Municipality of Banari
Brief notes on the town:
The population centre of Banari is located at the foot of Mount Sa Silva and extends within a rugged territory, which alternates between high trachyte plains and valleys crossed by waterways. Historically populated by human settlements since the Nuragic age, it belonged to the administrative region of Figulinas and of Mejlogu. In the Middle Ages the area was dominated alternately by the Doria and the Aragonese. Among the natural attractions of the town of Banari are the High plains of Corona Alta and of Sa Silva, the Animal protection haven of Badda Manna.The Rio S’Adde, of great naturalistic interest, is covered in springtime by an expanse of wild buttercups.
The economy of the town is mainly connected with the agro-pastoral activity with a copious amount of sheep breeding. Alongside the activity of sheep farming is the extraction of red trachyte, which is still used to this day to adorn both new and old buildings. Other important activities for the town are the production of cereals, olives, grapes and cork.
The population centre of Banari is located in Mejlogu one of the historical regions of Sardinia, on the Siligo-Ittiri road, on a rugged territory which alternates between high trachyte plains and valleys crossed by waterways, from which comes the root A-NARI (= above the rivers). Town of agro-pastoral origin, its historical centre preserves a number of noble residences built between the XIII and XVIII centuries, which remain in a good state. The Domus de Janas to be found in the territory of Banari are evidence of the presence of man since the Neolithic period (1800/1500 B.C.), but the birth of the village dates from the Middle Ages. It was formed due to the merging of three distinct centres, connected with the growing power of the monastic orders who had taken up residence in the large convents: that of the homonymous village, and the monastic centres of S.Lorenzo and S. Michele dei Camaldolesi of Saccargia (in Codrongianos). Instead, the monastery of which the ruins remain around the Romanesque Church of Santa Maria di Cea on the road to Ittiri, belonged to the Vallombrosani of the Salvenero convent (in the territory of Ploaghe). In subsequent centuries Banari was part of the dominion of the Doria, then, under the Aragonese domination, it was included, together with Siligo, in the county of Villanova Montesanto, fief of the Alagon. In 1796 it took part in the anti-feudal revolts encouraged by Thiesi and joined with Giovanni Maria Angioi in his unfortunate feat. The economy of the town is principally connected with the agro-pastoral activity as well as the extraction of trachyte which still adorns both old and new buildings. The production of terracotta products, including tiles and bricks, also played an important part in the past. On the main square of the town stands the 18th century Palazzo Corda, home today to the town hall. Its interiors in red trachyte and, in particular, the board room and library are striking elements. Among the other buildings of note are Palazzo Carta whose original structure dates to the XIII century, Palazzo Solinas Zamboni also property of the town administration and the Palazzo of the family of Monsignor Diego Marongiu Del Rio (1819-1905). He was archbishop of Sassari, university professor and deputy at the Parliament in Turin from 1849 to 1852.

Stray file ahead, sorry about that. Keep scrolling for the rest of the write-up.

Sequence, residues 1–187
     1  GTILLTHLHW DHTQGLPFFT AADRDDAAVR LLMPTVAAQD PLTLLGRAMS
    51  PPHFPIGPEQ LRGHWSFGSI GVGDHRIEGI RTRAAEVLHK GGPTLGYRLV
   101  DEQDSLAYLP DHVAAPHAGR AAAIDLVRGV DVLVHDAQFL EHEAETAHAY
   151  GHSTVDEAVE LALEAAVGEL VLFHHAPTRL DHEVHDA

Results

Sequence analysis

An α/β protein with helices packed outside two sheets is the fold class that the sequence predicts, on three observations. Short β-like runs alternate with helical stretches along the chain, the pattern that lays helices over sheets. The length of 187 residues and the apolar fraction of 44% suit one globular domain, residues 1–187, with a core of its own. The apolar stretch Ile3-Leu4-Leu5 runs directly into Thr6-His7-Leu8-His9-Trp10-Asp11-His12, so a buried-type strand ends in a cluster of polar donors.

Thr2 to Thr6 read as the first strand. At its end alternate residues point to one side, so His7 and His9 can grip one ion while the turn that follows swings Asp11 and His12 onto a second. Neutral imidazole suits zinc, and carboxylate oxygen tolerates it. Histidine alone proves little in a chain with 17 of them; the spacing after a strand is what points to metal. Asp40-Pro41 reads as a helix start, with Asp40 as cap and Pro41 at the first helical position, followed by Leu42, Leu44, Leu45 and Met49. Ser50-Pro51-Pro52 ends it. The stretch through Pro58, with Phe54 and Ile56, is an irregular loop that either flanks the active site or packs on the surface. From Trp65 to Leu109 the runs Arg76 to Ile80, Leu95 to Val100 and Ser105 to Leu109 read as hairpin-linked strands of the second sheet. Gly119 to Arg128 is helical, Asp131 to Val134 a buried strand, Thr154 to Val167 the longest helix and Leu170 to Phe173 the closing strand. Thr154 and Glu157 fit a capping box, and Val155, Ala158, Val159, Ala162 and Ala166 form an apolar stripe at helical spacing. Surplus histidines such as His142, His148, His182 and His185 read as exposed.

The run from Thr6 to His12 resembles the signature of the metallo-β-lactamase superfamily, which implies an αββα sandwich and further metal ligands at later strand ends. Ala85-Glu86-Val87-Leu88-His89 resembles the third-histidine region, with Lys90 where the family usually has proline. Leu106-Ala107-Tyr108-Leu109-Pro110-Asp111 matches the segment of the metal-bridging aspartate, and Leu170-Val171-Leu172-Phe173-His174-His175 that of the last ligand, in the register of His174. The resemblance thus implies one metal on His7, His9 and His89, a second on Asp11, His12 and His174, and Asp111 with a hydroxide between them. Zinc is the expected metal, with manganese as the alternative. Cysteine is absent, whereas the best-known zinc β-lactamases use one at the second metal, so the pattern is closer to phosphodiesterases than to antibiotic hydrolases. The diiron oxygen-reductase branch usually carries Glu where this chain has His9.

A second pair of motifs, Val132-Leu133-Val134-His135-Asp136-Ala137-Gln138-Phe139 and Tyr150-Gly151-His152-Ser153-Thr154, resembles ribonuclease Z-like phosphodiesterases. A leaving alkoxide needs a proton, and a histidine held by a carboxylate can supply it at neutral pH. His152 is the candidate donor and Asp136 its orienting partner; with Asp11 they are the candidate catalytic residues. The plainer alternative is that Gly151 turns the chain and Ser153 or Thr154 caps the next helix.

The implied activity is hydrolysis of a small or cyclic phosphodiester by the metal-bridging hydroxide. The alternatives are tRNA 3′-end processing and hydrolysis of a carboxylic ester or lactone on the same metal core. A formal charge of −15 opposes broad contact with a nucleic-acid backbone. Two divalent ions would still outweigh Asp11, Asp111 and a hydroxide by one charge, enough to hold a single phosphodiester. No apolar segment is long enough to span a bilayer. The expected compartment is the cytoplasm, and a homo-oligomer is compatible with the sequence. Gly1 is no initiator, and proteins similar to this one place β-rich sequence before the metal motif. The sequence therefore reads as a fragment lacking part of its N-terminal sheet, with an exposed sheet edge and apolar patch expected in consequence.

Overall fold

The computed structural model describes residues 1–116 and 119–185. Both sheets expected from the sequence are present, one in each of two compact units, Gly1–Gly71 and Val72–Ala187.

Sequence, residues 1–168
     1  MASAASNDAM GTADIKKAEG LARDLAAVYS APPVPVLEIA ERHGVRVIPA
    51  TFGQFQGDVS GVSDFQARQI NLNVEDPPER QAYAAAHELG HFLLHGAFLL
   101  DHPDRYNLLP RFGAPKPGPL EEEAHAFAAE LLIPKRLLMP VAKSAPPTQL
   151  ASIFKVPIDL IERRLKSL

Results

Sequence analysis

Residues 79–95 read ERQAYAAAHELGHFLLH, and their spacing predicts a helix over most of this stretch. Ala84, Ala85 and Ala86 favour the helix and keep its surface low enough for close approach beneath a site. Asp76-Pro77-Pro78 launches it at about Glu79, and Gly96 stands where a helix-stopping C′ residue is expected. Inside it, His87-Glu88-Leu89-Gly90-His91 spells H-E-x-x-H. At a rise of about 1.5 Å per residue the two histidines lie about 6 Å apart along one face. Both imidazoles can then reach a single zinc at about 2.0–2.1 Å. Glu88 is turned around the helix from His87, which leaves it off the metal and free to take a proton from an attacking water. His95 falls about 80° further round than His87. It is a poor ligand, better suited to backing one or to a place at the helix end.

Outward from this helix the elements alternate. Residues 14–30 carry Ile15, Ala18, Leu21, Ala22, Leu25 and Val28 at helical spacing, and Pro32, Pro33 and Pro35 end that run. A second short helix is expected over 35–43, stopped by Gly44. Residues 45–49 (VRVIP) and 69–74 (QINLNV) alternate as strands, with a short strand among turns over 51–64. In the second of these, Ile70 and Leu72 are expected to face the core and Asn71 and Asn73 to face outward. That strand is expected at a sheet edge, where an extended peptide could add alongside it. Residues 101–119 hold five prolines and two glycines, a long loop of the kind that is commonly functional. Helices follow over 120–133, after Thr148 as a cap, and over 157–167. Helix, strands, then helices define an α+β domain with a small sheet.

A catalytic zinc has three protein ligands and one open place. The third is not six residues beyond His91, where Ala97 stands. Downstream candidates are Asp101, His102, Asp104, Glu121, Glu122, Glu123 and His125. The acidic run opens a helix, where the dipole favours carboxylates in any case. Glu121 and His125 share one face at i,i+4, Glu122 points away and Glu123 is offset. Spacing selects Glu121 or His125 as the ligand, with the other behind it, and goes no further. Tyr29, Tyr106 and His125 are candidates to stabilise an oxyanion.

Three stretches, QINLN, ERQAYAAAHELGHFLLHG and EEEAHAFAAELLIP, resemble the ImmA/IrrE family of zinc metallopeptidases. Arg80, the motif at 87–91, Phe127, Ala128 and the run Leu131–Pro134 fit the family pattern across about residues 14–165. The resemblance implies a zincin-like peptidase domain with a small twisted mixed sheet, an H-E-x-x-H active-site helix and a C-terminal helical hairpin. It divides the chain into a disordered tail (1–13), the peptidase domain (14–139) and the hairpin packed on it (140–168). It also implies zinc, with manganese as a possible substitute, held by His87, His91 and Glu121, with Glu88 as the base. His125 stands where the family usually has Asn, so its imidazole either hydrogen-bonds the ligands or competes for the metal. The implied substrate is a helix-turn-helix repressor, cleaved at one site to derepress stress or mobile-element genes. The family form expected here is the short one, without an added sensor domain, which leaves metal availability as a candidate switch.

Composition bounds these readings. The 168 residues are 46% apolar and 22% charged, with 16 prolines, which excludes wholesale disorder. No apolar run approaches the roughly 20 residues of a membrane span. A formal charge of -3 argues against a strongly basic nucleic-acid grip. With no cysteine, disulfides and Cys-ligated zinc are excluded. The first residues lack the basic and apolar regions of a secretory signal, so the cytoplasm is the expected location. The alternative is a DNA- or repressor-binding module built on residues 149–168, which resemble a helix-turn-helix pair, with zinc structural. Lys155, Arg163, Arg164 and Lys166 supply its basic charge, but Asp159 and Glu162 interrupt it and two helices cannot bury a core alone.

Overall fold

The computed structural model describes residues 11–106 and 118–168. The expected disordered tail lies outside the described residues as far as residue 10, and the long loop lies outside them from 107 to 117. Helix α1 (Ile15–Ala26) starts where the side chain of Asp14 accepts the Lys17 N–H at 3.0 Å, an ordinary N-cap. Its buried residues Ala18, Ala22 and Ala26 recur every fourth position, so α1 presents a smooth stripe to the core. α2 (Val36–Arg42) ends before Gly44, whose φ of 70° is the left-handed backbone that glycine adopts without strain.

Traditions and events:
|Feast of St. Lawrence||Urban centre||August 9-11|
|Feast of Our Lady of Cea||Locality of Santa Maria di Cea||December 7-8|
|Feast of Saint Michael||Urban centre||September 28-29|